This morning while waiting for my car to fill up, I put the time to good use. I read all the hazard warnings.
I couldn’t help but think how much better off we might be if there were similar warning signs posted in stores, restaurants and malls warning of the hazards of plastic. ATM, debit and credit cards can be every bit as hazardous to our financial health as fumes, and improper handling of gasoline fuel can be to one’s physical health.
The vicious cycle of plastic-induced debt begins subtly. Before you know it, you’re knee-deep in the accumulation of things, all the while losing something precious called financial freedom.
There is a cure for the plastic disease. Put yourself on a cash diet. Here’s my challenge: No plastic whatsoever for the next seven days. Of course, you shouldn’t send cash through the mail, but I’m talking about day-to-day living.
Can you do it? Of course you can. I have no doubt whatsoever that in the absence of plastic, your life would go on. Your family would not starve and you would become very creative indeed.
I know what you’re thinking. That’s too inconvenient — and that’s the point. If spending money were not so convenient, maybe all of us would keep more of it.
Experts tell us based on credible studies and statistics that when we shop and live dependent on electronic payments for everything from groceries to gas to the daily coffee — and on and on and on — we simply spend more. It’s the convenience factor. It’s mindless to just swipe the plastic for everything without engaging and focusing on the true cost of things.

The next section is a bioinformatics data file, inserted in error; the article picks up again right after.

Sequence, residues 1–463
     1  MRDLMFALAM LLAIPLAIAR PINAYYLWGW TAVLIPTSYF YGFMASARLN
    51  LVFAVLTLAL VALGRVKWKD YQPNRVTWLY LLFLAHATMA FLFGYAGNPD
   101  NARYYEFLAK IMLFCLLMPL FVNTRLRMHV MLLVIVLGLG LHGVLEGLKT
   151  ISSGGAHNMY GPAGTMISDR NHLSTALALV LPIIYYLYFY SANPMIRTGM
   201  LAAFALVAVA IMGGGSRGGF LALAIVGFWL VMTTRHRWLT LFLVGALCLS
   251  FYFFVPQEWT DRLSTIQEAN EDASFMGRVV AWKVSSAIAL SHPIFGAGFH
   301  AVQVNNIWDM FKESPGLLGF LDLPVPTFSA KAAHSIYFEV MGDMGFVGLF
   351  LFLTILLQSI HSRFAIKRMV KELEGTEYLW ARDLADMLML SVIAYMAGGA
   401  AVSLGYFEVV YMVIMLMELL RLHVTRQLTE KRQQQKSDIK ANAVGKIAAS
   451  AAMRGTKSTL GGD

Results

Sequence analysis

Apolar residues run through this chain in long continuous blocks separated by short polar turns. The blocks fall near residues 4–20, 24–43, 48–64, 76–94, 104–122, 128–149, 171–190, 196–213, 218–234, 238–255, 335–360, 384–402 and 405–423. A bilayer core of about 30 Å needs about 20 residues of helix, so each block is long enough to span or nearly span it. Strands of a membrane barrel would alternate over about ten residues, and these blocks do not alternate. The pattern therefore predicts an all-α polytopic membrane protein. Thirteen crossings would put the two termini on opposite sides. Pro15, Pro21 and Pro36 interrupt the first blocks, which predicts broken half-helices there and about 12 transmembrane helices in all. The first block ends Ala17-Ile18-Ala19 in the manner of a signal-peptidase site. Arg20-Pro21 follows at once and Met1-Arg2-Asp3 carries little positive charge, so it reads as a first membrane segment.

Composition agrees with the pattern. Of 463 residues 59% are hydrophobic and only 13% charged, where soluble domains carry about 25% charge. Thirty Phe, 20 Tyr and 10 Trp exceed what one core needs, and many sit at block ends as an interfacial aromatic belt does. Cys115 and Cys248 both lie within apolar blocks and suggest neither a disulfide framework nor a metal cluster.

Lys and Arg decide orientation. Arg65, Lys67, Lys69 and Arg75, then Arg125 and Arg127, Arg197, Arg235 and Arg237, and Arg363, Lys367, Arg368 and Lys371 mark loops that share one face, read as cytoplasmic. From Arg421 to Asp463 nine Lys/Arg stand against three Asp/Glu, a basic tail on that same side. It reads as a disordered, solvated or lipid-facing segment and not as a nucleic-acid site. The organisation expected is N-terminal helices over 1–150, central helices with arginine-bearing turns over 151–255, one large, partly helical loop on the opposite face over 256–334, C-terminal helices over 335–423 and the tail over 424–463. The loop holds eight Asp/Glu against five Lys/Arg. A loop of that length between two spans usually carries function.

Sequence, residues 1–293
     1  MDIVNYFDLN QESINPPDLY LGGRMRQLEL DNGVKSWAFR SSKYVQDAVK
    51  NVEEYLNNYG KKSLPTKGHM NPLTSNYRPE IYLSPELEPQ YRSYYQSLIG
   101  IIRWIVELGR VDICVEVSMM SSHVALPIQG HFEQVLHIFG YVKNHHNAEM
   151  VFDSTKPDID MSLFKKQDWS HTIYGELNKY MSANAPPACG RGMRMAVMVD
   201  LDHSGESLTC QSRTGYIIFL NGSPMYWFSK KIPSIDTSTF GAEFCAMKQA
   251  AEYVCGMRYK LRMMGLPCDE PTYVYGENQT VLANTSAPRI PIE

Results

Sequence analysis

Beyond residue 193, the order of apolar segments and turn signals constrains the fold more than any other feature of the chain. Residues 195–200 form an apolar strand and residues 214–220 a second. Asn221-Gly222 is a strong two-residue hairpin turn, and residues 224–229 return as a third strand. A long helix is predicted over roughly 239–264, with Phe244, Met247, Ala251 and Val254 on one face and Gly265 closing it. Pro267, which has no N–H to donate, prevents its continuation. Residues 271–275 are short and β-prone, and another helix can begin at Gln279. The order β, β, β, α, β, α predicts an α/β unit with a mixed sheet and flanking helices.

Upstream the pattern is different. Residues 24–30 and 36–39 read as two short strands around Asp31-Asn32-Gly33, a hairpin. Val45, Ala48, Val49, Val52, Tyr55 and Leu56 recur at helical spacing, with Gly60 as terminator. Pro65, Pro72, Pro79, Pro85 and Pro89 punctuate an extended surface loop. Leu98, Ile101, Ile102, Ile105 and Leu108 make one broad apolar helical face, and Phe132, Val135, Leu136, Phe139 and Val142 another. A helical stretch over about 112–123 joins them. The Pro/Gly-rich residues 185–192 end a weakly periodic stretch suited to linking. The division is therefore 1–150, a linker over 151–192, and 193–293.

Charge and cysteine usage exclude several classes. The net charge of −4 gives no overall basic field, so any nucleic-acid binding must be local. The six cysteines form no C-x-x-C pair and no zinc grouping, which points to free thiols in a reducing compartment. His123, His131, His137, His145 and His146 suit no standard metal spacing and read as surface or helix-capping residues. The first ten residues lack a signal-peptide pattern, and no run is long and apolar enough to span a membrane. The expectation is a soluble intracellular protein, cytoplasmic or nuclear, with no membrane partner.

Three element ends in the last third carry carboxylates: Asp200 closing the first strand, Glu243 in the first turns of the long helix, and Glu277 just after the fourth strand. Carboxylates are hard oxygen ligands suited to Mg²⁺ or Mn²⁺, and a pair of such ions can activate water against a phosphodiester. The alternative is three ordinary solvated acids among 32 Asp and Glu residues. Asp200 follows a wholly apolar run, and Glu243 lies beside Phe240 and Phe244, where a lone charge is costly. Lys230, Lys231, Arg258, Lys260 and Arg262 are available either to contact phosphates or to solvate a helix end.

Are you ready to take the challenge? Great. Find a safe place for your plastic and just get it out of reach. Hand it over to a trusted friend or relative. Or freeze all of it in a big block of ice. Nothing will be harmed, your cards will be safe, so no worries there.
As you are able to pry yourself from plastic, you will experience a new sense of well-being and freedom. It’s called living within your means, paying as you go, spending only what you have, delayed gratification.
There’s something remarkable about living with cash. Suddenly, you’re really paying for things — not creating a promise to pay when the bill arrives. You are touching and feeling the sensation of that thing known as money. You’ll intuitively start paying attention to how much that fast-food lunch costs because you’ll be handing over currency and coins, not merely swiping plastic while you enjoy the music or exchange pleasantries with the guy in line behind you. As you cruise the supermarket, the actual prices of things will begin to capture your attention. You’ll compare the prices and notice which items are on sale. You’ll keep checking your pocket to make sure you have enough to pay as your cart fills up.
Plastic has a way of shielding us from what things really cost. That might feel good at the time, but it’s like living in a fantasy world. Paying with cash clears away all the fog and keeps it real.
Let the challenge begin.